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It has been noted that in instances where Mark’s editorial hand restructured his story, Luke has preserved a more primitive form of the account, a form that is independent of Mark’s influence. Gospel scholars need to properly evaluate Mark’s editorial style and acknowledge that frequently a theological agenda influenced his rewriting.

“Prophets and Kings”: The Evangelist Luke’s Curious Doublet

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In a beautiful statement that probably referred to the Kingdom of Heaven, Jesus proclaimed to his disciples, according to Luke, that “many prophets and kings” desired to see and hear what they (his disciples) are seeing and hearing. Matthew preserves the same saying, but in Matthew’s account the doublet is, “prophets and righteous persons.” The wording of Jesus’ saying in these two accounts is so similar that it appears likely that their slight differences reflect literary, or editorial, changes rather than different versions of the saying uttered by Jesus on different occasions. If so, which of these gospel accounts preserves the more original form of Jesus’ saying? Did Jesus say “prophets and kings” or “prophets and righteous persons”?

Jesus and the Essene Passover

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What evidence is there that Jesus celebrated his last Passover according to the Essene reckoning? Is there evidence to the contrary? And most importantly for Christians, if it were true, what are the consequences for our understanding of the historical Jesus?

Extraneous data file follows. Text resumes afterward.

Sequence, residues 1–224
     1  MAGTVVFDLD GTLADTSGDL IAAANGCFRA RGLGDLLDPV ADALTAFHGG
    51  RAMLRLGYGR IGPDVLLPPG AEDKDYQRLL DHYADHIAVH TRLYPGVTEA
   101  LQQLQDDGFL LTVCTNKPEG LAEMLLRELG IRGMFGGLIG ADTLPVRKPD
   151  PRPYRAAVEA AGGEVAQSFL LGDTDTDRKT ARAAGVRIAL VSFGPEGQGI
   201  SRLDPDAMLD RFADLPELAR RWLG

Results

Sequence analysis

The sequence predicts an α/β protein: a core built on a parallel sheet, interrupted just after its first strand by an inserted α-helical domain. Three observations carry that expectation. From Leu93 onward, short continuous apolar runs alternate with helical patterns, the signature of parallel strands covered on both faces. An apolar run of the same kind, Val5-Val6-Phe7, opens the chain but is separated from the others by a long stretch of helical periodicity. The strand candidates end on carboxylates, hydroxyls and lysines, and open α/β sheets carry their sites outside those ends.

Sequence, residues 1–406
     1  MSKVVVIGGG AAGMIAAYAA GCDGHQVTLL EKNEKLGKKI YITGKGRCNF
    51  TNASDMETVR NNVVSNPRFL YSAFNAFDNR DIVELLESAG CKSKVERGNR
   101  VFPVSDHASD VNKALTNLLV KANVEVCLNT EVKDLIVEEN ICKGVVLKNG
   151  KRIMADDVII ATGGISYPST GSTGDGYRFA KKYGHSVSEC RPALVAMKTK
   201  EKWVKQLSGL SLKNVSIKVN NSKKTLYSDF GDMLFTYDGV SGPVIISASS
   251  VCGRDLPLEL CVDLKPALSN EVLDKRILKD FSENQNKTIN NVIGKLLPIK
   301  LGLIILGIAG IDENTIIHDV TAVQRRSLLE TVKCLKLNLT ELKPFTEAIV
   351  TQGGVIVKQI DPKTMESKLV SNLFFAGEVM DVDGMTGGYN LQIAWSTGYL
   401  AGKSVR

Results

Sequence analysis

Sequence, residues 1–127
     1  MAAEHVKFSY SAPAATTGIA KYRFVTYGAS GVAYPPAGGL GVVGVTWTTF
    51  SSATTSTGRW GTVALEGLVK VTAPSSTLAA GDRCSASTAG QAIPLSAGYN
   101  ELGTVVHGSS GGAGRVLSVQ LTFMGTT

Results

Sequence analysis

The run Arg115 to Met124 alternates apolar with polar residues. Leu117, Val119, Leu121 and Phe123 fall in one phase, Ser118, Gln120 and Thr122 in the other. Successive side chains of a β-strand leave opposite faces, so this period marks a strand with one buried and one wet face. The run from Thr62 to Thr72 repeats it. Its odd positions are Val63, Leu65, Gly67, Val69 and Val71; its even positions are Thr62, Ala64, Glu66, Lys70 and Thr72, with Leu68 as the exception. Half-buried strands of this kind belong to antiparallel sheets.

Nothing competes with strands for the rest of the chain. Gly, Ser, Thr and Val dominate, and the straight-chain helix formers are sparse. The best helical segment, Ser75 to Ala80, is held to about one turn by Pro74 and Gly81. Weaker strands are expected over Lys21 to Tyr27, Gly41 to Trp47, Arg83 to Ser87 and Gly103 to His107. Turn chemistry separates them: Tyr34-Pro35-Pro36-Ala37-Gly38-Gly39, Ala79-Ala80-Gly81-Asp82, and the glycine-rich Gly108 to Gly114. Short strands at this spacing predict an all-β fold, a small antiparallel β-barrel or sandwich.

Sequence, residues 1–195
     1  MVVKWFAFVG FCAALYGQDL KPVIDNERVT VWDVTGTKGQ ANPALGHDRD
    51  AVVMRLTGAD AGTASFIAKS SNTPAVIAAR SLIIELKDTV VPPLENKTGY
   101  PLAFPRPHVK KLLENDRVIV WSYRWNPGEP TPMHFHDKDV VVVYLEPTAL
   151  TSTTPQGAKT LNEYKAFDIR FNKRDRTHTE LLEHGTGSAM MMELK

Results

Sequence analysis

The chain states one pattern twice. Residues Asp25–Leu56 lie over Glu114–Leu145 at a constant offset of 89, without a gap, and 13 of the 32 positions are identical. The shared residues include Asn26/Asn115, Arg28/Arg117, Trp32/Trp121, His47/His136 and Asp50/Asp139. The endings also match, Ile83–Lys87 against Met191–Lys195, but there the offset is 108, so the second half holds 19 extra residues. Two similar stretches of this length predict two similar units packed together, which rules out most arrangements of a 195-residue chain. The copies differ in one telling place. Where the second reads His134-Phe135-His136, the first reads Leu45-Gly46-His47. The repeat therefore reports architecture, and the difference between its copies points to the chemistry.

If Your Eye Be Single

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Couched within Jesus’ teaching is an idiom which is difficult to translate, “If your eye is single, your whole body is full of light” (Matt. 6:22). The Hebraic expression, “good eye” to denote generosity is well known in the Bible (Deut. 15:9; Prov. 22:9; 23:6; 28:22; Eccl. 14:10) and the writings of Israel’s Sages (m. Avot 5:15). Nevertheless, in Matthew 6, where you would expect to find the idiom, “good eye,” the adjective used in our saying is not καλός (kalos, good, pleasant) but ἁπλοῦς (haplous, single, simple).

Can Gentiles Be Saved?

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Jesus’ broadminded approach resonates with contemporary sages who belonged to the School of Hillel. In their opinion, it is better to leave God-fearing Gentiles in their blessed state with only the necessity of the moral laws given to Noah.

The Western Captivity of the Apostle Paul

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Many of the articles featured on this website refer to the Jerusalem School’s essential disagreements with mainstream scholarship.* The popularizing nature of the website, however, suggests that areas of potential agreement with mainstream scholarship are also worthy of note, especially where the position in question represents an important shift from ideas that are nearly universal in confessional contexts.

First-century Jewish Use of Scripture: Evidence from the Life of Jesus

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Through the window of a single New Testament episode we can gain insight into how Jesus and his Jewish contemporaries employed sacred texts with creative ingenuity to grapple with the complex issues of their day.